I haven't seen Victory - Purity's sibling and hatched in my dovecote in March - since mid August, so hope he/she escaped the carnage too and will come back some time. Nero and his mate Messalina flew away some time between the beginning and mid July so hopefully living happily elsewhere. I was sorry they left at the time, but I am now so thankful. Nero was one of the most beautiful pigeons you would ever see and no photo ever captured his luxurious plumage.
Last photo of Victory eating a pea, taken on 18th August.
Nero, with others, on the little porch above the kitchen door. The two brown ones have survived.
A pretty speckled dove I call Dalmation Dove - DD for short - also thankfully survived and has been seen every day, in company with a brown pigeon with a white tail- see photo above. Sometimes there is a paler brown pigeon too, and I think it's the older brown pigeon's squab. There are also a young dark grey pigeon and a larger pale grey pigeon with black bands. And a white courting couple that I have seen mating.This is DD on the lawn in the summer.
And again here, with the white tailed brown one.
The farmer said no doves had been back to the barn - hardly surprising, would you? They are sensitive and knowing; I'm sure would be able to understand at some level. But, he told me, some are roosting in one of his other buildings - where he keeps machinery. I pray he will let them stay...... but know he'd do the same if he had to. It's all in a day's work to the likes of him.
Some of the very few white doves and pigeons left feeding in my garden this week.
I wish some would come again to live in the dovecote. Hope and Glory, earlier this year, were interested from January. I've decided that if no doves set up home by next April, I will put up the homing net and try again. I am a bit wavery about this as it is heart-breaking to get to the love the doves and then have a fox or more likely the hawk get them. I have a new dovie friend, Yan, that I met over the internet and poor Yan had such high hopes of her little flock of four. Already she has lost two to the hawk, and her special dove Ffion was sadly damaged, but survived. I am so sorry, Yan. I know how upsetting it is and I do wonder sometimes, for myself, if it is worth it. Another dovie internet friend, Lee, had the same hawk problem and told me in the summer that a friend of his. living in the New Forest, had given up trying to keep white doves, due to the hawks, and now keeps them in an aviary. Lee doesnt want to do that himself, and I agree with him, the doves are and should be free spirits. There is no solution to this - Yan has tried all sorts of anti-hawk devices, and they don't really work. And yet, there is a dovecote not far from here, in a garden that I often pass, and there is always a dozen or so doves - in the cote and on the roof. Maybe I ought to knock on the door and ask how they manage to keep them all.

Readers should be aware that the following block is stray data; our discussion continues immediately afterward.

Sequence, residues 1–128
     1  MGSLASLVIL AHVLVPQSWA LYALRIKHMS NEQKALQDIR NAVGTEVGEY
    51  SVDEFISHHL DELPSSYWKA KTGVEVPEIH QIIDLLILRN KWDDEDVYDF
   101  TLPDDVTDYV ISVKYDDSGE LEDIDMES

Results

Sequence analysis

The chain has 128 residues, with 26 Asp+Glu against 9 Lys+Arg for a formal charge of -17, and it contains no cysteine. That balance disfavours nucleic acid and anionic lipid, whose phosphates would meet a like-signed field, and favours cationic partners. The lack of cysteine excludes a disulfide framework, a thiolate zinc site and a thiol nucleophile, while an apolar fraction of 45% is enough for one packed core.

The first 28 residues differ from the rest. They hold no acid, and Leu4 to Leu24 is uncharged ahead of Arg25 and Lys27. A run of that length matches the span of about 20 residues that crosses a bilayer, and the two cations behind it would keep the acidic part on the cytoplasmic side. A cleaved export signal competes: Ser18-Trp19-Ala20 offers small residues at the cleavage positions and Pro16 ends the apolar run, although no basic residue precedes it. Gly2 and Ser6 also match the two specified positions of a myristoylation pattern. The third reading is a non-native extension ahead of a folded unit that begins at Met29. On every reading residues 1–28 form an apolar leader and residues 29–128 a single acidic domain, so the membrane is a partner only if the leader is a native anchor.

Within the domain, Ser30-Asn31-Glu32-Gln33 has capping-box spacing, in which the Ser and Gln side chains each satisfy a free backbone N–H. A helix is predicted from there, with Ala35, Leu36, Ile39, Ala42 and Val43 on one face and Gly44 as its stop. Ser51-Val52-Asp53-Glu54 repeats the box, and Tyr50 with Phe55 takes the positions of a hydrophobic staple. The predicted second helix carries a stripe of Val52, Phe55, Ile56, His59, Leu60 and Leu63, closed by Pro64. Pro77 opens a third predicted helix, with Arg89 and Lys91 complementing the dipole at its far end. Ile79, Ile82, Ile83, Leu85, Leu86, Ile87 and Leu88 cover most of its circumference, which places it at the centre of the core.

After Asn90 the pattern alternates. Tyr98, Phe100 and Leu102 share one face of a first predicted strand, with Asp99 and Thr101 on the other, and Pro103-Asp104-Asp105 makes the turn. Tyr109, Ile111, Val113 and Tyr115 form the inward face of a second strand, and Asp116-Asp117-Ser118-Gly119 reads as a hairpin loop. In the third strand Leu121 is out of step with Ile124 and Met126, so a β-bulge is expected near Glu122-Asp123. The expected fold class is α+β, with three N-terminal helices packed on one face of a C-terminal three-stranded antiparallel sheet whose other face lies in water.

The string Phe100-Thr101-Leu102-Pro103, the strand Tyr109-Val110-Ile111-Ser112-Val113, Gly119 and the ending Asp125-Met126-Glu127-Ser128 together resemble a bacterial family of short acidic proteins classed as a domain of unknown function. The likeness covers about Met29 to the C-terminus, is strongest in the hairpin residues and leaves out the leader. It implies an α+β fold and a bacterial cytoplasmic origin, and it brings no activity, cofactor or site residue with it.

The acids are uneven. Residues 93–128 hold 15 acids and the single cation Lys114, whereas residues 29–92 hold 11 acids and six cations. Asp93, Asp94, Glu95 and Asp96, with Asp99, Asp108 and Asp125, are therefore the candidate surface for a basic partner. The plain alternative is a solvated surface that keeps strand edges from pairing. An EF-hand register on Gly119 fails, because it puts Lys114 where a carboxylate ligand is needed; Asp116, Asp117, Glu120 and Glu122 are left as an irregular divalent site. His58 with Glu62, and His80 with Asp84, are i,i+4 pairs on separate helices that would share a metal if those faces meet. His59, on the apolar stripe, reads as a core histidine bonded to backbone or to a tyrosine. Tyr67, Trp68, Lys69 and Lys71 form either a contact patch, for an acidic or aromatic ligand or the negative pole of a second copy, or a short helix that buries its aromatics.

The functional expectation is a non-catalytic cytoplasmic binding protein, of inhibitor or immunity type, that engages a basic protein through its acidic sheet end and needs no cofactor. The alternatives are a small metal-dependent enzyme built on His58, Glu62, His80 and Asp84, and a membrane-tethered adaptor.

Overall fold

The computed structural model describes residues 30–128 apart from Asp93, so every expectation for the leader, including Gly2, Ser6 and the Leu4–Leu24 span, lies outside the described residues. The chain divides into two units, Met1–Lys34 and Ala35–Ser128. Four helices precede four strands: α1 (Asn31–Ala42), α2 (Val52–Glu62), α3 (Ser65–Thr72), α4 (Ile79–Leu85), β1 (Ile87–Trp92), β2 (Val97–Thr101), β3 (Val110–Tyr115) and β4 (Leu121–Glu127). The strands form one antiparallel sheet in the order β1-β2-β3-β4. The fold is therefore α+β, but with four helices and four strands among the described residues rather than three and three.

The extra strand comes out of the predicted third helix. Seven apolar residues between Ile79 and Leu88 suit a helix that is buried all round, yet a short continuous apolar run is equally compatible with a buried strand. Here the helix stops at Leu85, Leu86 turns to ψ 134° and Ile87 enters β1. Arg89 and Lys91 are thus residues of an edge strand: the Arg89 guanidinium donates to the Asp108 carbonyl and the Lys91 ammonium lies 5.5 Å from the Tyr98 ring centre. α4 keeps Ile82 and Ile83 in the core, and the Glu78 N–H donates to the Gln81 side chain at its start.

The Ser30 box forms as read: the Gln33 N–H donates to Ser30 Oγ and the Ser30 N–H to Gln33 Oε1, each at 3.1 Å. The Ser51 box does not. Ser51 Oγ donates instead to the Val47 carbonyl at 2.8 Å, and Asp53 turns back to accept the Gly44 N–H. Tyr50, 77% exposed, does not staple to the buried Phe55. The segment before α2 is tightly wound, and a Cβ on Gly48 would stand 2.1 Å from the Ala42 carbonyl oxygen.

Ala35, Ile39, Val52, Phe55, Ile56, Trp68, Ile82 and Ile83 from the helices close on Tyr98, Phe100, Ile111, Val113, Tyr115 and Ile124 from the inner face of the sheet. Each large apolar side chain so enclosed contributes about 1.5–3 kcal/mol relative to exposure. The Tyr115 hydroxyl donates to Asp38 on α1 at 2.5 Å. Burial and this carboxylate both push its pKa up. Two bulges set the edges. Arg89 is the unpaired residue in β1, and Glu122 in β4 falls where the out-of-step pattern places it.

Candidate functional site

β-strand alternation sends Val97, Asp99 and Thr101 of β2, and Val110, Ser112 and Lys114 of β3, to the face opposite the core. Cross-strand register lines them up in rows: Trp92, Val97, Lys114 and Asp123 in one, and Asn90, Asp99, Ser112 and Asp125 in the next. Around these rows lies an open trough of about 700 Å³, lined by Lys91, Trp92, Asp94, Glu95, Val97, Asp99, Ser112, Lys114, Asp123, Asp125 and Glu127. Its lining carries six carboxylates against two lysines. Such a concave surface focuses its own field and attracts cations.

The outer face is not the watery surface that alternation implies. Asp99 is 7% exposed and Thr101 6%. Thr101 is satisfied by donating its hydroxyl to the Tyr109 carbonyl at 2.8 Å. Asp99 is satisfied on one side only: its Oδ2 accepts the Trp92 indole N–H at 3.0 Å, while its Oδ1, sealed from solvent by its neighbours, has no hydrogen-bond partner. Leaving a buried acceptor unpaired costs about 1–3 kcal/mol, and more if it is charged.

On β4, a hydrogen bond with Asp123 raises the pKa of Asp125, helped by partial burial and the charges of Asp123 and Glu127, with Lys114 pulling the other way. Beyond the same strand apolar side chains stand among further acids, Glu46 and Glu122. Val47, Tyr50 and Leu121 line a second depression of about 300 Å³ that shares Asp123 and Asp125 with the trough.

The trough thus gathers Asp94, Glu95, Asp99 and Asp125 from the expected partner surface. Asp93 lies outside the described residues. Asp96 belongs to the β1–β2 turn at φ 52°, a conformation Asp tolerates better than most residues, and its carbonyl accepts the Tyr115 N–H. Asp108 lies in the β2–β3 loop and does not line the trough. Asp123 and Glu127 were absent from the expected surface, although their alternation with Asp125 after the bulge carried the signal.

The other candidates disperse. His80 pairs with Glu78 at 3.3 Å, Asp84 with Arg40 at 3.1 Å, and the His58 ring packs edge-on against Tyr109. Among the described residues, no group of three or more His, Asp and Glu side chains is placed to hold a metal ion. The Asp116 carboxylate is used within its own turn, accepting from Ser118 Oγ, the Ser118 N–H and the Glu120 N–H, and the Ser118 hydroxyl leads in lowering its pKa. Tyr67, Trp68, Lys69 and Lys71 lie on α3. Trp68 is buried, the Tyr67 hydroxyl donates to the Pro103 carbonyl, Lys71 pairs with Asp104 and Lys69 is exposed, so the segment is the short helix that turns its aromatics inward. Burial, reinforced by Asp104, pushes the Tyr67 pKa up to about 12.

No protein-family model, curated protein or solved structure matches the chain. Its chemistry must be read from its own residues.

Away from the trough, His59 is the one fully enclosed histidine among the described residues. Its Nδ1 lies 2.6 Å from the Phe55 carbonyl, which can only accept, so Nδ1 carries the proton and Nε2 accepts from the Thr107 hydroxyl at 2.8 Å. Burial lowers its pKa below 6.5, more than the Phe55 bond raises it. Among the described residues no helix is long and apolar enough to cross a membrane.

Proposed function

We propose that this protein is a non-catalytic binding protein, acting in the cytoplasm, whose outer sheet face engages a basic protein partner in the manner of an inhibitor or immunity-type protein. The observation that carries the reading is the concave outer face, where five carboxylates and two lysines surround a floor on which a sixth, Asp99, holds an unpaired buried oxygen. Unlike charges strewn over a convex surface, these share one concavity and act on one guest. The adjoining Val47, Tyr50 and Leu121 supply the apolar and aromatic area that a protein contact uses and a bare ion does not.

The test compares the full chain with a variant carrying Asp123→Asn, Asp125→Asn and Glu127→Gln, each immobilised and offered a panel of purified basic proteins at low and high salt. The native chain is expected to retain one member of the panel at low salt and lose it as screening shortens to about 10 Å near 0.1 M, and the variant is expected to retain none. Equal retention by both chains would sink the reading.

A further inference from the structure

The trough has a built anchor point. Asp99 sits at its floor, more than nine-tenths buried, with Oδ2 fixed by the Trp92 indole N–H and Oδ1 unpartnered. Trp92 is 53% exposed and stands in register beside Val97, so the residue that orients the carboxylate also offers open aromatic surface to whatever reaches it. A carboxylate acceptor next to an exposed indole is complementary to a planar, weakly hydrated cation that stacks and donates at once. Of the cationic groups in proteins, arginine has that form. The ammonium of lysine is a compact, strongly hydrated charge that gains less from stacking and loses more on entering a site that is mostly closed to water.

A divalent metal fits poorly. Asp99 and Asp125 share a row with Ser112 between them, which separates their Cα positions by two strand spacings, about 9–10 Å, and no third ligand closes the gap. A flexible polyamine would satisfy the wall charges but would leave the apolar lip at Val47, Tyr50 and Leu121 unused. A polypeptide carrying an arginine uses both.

I'd just about finished this blog and was talking on the phone near the door, watching the garden, when I saw two white doves fly over, seemingly chased by something. It was probably a sparrowhawk though I didn't see it clearly, and then one dove flew madly off in another direction. I didn't see if the hawk got the dove - but you see it's a sorry state of affairs as my mother used to say, and I don't really know if I'm up to it any more. When there was a huge flock the individuals were protected when there was a hawk strike - now they'll be picked off one by one til there are none left.
The end (sorry you might have to scroll down quite a bit to make a comment, I just can't seem to get this right)